Study hard (ok) Learned hard (not ok). Why is this?

Discussion in 'English Only' started by Curious about Language, Feb 4, 2008.

  1. Curious about Language Senior Member

    Australia, English
    A Japanese friend of mine asked me why it is okay to say "studied hard" but not "learned hard". I would guess that it is related to the fact that although study and learn are similar, studying is more like examining, and learning is more like accumulating knowledge. In the same way, we could say "I work hard" but not "I earn hard".

    If anyone out there could shed a little light on this, it would be much appreciated!
  2. emma42 Senior Member

    North East USA
    British English
    Yes, your example: "work hard" and "earn hard" is very good. I can't really add anything to what you have said!
  3. I think, it is because "study" refers to the general continuous activity and "hard" to the intensity of it, while (I am not sure what the grammar terms for these are) but "learn" is something you use rather with regard to the result that to the prolonged actiivty.
  4. anothersmith Senior Member

    Los Angeles
    English, U.S.
    Studying and working are active endeavors; learning and earning are relatively passive.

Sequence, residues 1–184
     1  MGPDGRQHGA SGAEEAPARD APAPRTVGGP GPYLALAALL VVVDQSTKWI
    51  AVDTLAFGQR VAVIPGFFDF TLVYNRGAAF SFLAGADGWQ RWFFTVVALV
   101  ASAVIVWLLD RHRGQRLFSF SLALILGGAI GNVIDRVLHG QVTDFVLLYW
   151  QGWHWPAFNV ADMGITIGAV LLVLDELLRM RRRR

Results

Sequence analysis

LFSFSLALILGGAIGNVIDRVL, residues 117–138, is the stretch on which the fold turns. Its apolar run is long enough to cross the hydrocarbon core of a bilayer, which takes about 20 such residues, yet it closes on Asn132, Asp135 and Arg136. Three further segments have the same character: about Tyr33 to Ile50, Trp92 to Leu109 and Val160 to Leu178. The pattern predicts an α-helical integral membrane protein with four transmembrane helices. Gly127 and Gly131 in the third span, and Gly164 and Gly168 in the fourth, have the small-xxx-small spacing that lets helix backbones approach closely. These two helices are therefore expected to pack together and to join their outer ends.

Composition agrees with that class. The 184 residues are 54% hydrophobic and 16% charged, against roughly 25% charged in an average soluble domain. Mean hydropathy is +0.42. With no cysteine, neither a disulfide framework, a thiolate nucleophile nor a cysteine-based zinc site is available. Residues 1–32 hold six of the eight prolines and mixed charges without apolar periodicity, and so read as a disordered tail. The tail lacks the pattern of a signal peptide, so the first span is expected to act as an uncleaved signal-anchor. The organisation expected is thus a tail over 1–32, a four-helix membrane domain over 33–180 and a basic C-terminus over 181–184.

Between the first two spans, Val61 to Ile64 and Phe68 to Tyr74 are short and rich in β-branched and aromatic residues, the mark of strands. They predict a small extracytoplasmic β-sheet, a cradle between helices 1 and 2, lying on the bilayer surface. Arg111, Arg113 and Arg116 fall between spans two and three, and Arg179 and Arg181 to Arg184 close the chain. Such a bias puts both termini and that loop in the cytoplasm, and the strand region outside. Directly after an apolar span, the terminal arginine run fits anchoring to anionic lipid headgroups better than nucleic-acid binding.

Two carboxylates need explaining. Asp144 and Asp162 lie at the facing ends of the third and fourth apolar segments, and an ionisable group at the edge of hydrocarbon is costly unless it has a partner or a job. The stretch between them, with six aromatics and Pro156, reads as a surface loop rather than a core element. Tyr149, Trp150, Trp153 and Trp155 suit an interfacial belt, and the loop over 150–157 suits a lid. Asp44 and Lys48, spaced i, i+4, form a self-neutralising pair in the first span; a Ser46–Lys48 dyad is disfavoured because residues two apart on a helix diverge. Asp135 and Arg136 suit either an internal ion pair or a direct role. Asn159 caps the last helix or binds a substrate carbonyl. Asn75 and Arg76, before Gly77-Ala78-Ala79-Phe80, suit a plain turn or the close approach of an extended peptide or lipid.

It makes sense to use an adverb like "hard" when describing an active activity, but not so much when describing a relatively passive one.
  5. Curious about Language Senior Member

    Australia, English
    Thank you all for your comments, they are much appreciated!
  6. selavy59 Member

    England English
    Collocation, collocation, collocation. I'm afraid some words work together and some words don't. It's no good applying logic. "Ah" I hear you say. How do I learn what words go together and what words don't. The answer is Experience. No easy route, just do lots of reading and asking, as you have done here.
  7. Curious about Language Senior Member

    Australia, English
    It is a bit like that, isn't it? Experience, experience. Thanks for your input!

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